The Reserve Bank of India’s (RBI’s) pilot project for its Central Bank Digital Currency trades in sovereign bonds has gained steam, with volumes registering an almost double-fold increase so far this week.
The RBI launched the pilot for trading in the secondary market for government bonds using its CBDC – or the wholesale ‘e-rupee’- on November 1.
According to data provided by the Clearing Corporation of India Ltd (CCIL), the CBDC bond trades last week averaged at Rs 287.5 crore on a daily basis. So far in the current week, the trades have averaged 99 per cent higher at Rs 572.5 crore.
Trades worth Rs 530 crore were struck on Monday using the CBDC while those worth Rs 615 crore were carried out on Wednesday — the highest so far. The total regular trade volume in government securities was at Rs 25,435 crore on Wednesday.
In the previous week, the number of trades struck on a daily basis averaged about 45. That number, too, has gone up sharply this week, with 69 trades being struck on Monday followed by 68 trades on Wednesday. The bond market was shut on Tuesday on account of Guru Nanak Jayanti.
A bulk of the CBDC transactions have been carried out in two of the most liquid securities in the market – the 10-year benchmark 7.26 per cent 2032 bond and the five-year 7.38 per cent 2027 bond.
According to the RBI’s announcement on October 31, nine banks have been selected to participate in the pilot project. The banks are SBI, Bank of Baroda, Union Bank of India, HDFC Bank, ICICI Bank, Kotak Mahindra Bank, YES Bank, IDFC First Bank and HSBC.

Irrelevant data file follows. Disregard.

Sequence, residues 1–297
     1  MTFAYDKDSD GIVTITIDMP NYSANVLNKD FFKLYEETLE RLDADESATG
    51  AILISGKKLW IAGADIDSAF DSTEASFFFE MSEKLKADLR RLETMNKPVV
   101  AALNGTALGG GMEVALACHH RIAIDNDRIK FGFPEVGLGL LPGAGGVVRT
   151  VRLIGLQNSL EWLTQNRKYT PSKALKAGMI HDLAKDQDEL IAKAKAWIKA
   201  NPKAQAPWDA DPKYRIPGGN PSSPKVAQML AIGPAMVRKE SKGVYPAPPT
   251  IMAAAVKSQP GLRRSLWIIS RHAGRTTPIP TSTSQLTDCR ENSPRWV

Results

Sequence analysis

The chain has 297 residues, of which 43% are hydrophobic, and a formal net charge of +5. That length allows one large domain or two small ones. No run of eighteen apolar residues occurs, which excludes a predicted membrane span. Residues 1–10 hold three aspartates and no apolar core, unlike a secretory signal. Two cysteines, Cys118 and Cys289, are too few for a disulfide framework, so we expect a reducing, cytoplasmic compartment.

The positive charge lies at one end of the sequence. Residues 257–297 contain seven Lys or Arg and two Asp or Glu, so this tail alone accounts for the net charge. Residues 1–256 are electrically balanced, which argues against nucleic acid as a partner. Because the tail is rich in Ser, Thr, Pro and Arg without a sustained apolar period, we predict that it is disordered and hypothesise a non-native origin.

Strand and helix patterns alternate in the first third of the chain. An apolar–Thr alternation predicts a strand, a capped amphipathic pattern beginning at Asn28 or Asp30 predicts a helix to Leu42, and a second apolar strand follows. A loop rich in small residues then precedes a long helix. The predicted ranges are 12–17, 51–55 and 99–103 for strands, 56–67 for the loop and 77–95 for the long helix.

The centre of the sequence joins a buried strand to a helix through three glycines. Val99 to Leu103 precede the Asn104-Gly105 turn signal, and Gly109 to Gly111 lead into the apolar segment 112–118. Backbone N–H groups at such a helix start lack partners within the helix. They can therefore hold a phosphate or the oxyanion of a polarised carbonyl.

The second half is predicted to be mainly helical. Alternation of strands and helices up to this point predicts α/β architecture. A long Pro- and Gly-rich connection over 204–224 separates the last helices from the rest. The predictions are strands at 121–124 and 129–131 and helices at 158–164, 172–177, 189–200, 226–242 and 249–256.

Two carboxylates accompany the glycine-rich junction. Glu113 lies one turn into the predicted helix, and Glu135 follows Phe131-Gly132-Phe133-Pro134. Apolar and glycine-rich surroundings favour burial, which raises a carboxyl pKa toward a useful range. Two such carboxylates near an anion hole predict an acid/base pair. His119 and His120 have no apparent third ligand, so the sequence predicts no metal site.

Market sources said all these banks had been carrying out transactions using the CBDC on a daily basis. A key point made by the RBI in its announcement launching the pilot was that settlements in central bank money would reduce transaction costs by pre-empting the need for a settlement guarantee infrastructure or for collateral to mitigate settlement risk.
Unlike the regular trades in government bonds, the settlement of securities in CBDC transactions are not conducted by the CCIL.
Illustration: Binay Sinha
In regular bond market trades, the CCIL acts as the clearing house and the settlements of bonds are on a T+1 basis which means that settlement of securities must happen a day after the transaction is carried out.
However, for trades using the digital currency, there is no settlement authority like the CCIL and trades happen on a T+0 basis, implying real-time settlement. Furthermore, banks using the digital rupee must open primary CBDC accounts with the RBI.
The central bank views the use of the digital rupee as a step towards making the inter-bank market more efficient. The sovereign bond market is the pricing benchmark for a vast variety of credit products in the economy.
The RBI will launch its first pilot for digital rupee trading in the retail segment this month in select locations. The retail use of the digital rupee would be within closed user groups comprising customers and merchants.
“Things are running smoothly so far. This is going to be used more as a test case to ensure RBI gets its systems right in running CBDC,” said a senior treasury official from a private sector bank. “There are no glitches so far as this is a simple use case. It involves government bonds, and there is already a system in place. We only have to change the settlement mechanism, instead of going through CCIL it directly goes to the RBI. This is more about testing peripheral things. At some point in time RBI may ask the banks to suggest other use cases for CBDC wholesale. The sense we are getting is that they are likely to go slowly,” the official said.